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Greenwashed or Willfully Ignorant? The EU and Shark Fin Trade

Emre Küpcük is a student of European Studies at Maastricht University and the Chief Communications Officer of Bridge Europe. He focuses on the connection of human development to conservation and biodiversity, through building 'bridges' on sensitive topics with his organization.


Photo: David Clode / unsplash

The latest European Citizens’ Initiative that made headlines and managed to pass over one million signatures was the “Stop Finning - Stop the Trade” Initiative. The initiative has the aim to legally ban the trade of shark fins in Europe. However, up until the rise of the initiative and its push on social media platforms such as Instagram, the issue was barely recognised and only was a problem European conservationists, and environmentalists knew of, not European citizens. The factuality of the latter points to a larger problem within the EU, which is its lack of attentiveness and transparency when it comes to its species protection and nature protection laws.


Even though officially the removal of shark fins on board of EU vessels and in EU waters is prohibited, it is still legal within the EU to catch sharks with their fins still attached. The European Union is one of Asia’s major exporters of fins and shamefully acts as a transit hub for the global fin trade.


The IUCN lists 38 shark species in European waters, out of which only 2 are listed as Least Concern, one of which lives 200m below sea level and another which is not at all an apex predator.


The importance of apex predators is multi-faceted. First, they maintain species below them through removing the sick, weak and the dead. Taking sharks out of European ecosystems would increase larger predatory fish populations and directly reduce the number of herbivorous fish. This would lead to the expansion of micro algae and as a result corals would begin to die out. Lastly, such a chain reaction would close down fisheries around Europe and threaten a multibillion-euro sector with over 160,000 jobs EU-wide.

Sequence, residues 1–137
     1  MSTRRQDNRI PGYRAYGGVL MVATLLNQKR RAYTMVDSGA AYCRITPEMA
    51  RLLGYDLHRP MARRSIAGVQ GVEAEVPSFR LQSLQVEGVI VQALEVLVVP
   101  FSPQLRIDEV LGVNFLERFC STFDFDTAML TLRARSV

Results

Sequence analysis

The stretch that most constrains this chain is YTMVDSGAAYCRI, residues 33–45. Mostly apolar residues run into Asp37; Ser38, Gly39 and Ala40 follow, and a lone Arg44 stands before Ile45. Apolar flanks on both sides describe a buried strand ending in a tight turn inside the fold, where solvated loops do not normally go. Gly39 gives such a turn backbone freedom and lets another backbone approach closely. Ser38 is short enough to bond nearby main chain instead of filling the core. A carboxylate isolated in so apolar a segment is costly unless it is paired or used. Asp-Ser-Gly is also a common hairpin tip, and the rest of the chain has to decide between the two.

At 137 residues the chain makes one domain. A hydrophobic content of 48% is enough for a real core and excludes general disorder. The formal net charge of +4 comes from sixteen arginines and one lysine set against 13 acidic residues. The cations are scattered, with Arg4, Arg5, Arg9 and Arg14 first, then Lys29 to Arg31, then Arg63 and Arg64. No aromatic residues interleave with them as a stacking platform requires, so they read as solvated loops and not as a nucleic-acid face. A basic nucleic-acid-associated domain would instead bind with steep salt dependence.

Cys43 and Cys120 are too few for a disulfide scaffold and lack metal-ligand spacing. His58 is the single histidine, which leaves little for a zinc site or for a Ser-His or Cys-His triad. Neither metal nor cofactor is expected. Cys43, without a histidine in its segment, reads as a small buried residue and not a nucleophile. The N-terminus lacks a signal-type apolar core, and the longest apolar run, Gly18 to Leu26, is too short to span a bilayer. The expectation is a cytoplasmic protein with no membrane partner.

In short, the removal of sharks as apex predators from ecosystems leads to economic and systematic destruction for not only sea life but human life as well. Despite these scientific facts and arguments, all shark populations in European waters, especially the Mediterranean, are decreasing.


Sharks and Climate Change

Sharks help balance the ecosystem, their disappearance would lead to an explosion of fish populations, this would lead to a shortage of other marine resources. As plankton, algae, and other food sources die off, the fish and corals would eventually follow suit, along with marine mammals, leading to a collapse of the entire marine ecosystem.


If the oceans die out, climate change as a result will only worsen. This is why sharks are especially important to keep alive and protect. Removing apex predators from ecosystems has time and time again shown catastrophic change for the environment and climate change.

Real life examples of apex predator loss and consequent havoc are the extinction of the Caspian tiger (2003), the caucasian leopard (1950s) extinct in Southern Europe and maybe the most famous extinction of wolves from European forests by the 1970s due to overhunting and habitat loss.


This has resulted in a huge surge in prey animal numbers like the wild boar. Today there is an estimated 10 million wild boar in the EU and they cause €100 million in crop damage annually in Italy alone.


The European Union, despite having considerable aims and goals about green energy, the environment and sustainability, time and time again has proven that it cares little to null about anything other than human well-being and economy within its borders and has no regard for any other living organisms. The most recent example of this neglect is the 2014 reforms of the Common Agricultural Policy, which was then deemed to be significantly “greener” by the European Parliament. Yet, it left so many exemptions for farmers to not implement policies such as the limits on the use of pesticides and the protection of wild animals on farm areas that at the end the new CAP reforms amounted to nothing, and a year following the reforms, 36 species went extinct within borders of the EU.


This is worrying as from the conservationist point of view, the EU and its members cannot be trusted with goals and aims which have to do with nature, sustainability and the environment, as long as there are economic gains to be made.


The European Union and its members’ stolidness when it comes to species protection is not only an issue for conservation, but it is also a shot in the foot for the EU’s own green goals.

Whether this is due to the lack of conservationists and naturalist scientist working in the Joint Research Centre of the EU, or wilful ignorance is up for further discussion. However, the fact that the citizens of the EU had to bring up the topic of banning shark fin trade to change the dire status quo has become a stain on the EU’s track record as a normative actor in climate and environment politics.


Only time will tell whether the EU chooses short-term monetary gain from shark fins or the will of its citizens. Hopefully moving forward, the EU Citizen Initiatives will also be used to save and protect even more species and help save the biodiversity of the continent for a better and greener future.

Email Address: journal@myunsa.org

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